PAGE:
Following that wonderful uplifting night with the people of Ano Komi we boarded our coach after breakfast as we again set off further south towards Larissa. We left our hotel proceeded towards the Servia Pass that we encountered after we crossed the Aliakman River on the longest bridge in Greece. The position was high up on the mountain and was very hazardous for tired troops who had been on the move for over 24 Hours travelling up to 56 kilometres from their previous positions in the Veria Area and further north.
This defensive position was over 32 kilometres across and had the 2/4 Bn in the mountains, 1300 metres high and higher, with 2/1 Bn on the eastern flank near Pteri, also in the mountains. Between these units was the, 26 NZ Bn,20 NZ Bn, 19 NZ Bn, 18NZ Bn, 2/2 Bn, 2/3 Bn and the depleted 2/8 Bn was in reserve further back in the pass. The NZ 6th Field Regt, 2/2 Field Regt and the 2/3 Field Regt were in support and played an important role in the actions that followed.
After we discussed the many issues confronting the commanders at all levels we continued on our way and our route took us to Elasson where there was a medical installation that sent the Field Ambulance forward from here. The hills surrounding the town and some parts of the town were bombed but the Germans put smoke on the site of the hospital to ensure it wasn’t bombed in error. This was a refreshment stop in this town for we were about to head through the pass towards the Aegean Sea. Relaxing under the large tree watching the locals proceed about their Sunday morning was quite a good way to spend some time.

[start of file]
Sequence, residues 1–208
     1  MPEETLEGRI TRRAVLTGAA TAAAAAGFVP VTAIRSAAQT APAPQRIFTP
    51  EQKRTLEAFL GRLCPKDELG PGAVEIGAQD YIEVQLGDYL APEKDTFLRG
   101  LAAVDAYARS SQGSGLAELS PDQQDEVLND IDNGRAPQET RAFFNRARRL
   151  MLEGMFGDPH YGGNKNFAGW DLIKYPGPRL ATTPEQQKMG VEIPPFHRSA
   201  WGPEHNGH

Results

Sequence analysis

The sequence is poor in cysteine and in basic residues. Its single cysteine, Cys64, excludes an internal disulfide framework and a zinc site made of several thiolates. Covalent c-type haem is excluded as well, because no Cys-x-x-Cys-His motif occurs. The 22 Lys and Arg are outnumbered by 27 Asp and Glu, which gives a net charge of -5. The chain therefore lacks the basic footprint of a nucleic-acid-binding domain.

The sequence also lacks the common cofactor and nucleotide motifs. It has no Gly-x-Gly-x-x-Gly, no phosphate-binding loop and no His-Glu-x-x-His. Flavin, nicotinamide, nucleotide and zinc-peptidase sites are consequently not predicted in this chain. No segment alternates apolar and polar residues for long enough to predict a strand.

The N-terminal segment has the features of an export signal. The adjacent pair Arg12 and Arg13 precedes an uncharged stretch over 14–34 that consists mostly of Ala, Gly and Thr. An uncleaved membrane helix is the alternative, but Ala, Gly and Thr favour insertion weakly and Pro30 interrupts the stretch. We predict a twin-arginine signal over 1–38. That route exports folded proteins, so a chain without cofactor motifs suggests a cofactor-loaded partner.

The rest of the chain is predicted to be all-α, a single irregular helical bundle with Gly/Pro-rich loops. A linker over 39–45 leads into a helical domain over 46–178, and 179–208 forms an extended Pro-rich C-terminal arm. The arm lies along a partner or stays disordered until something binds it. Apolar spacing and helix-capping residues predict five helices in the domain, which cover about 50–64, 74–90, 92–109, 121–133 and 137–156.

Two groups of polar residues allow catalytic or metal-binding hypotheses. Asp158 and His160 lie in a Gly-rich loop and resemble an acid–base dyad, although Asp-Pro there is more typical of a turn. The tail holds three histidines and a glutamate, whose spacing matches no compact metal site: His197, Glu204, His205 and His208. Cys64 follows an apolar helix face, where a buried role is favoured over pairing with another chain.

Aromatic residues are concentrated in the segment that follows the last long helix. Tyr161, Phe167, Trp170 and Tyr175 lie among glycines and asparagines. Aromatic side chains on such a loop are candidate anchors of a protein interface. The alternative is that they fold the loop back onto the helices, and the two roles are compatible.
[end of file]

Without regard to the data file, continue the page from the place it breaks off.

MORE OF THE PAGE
As we proceeded on our way to the coast, through the pass, we discussed the disposition of the 5th NZ Bde as it had the responsibility of blocking movement towards Larissa from that approach. This force did its job well and held back the Germans until the appointed withdrawal timing.
We arrived at Katerini a relative new town from the Greek perspective as it started in 1922 following the expulsion of Greeks from the areas won by Atatürk, the Turkish Commander in Ismir, Turkey. The Greeks who were expelled from Asian Minor selected the site for their settlement. Once on the coast we headed to Leptopkaria for lunch in a Taverna right on the shores of the Aegean Sea. The Taverna is run by a man who was in Melbourne from the 1960's until returning to Greece in 1972. We will return here in 2016.
Following lunch we moved to Platamon to view the castle that guarded the main pass through the Pinios Gorge and on to southern Greece. It was built by the Franks in the 12th Century when they controlled a vast majority of Greece. However, they only held it for 15 years until the Greeks conquered the area back. 70 years later the Ottomans conquered the area and did not demolish the castle walls as was the norm, but reinforced and repaired many times to provide defence against raiders, mostly sea pirates.
The castle is being slowly restored. It was the area of the battle on 14-16 April 1941, during which it was damaged; but as the 21 NZ Bn did not put troops in it or use it for observation it was only lightly shelled and spared destruction. We left the castle and moved outside where we could see to the north and see the tunnel that went under the main feature. At that stage we discussed the fabulous holding defence of the 21st NZ Bn of the 5th Brigade. The 700 men of the unit which included a troop of artillery fought and held the 3rd Panzer, Motor Cycle Bn and a Division of Mountain troops from 14th till they withdrew on the 16th into new positions in the Gorge where they met the 2/2 Bn and between them organised a defence of the Gorge that was to deter the German advance until the 18 April 1941.
Tomorrow we will visit the area of the action at the Pinios Gorge.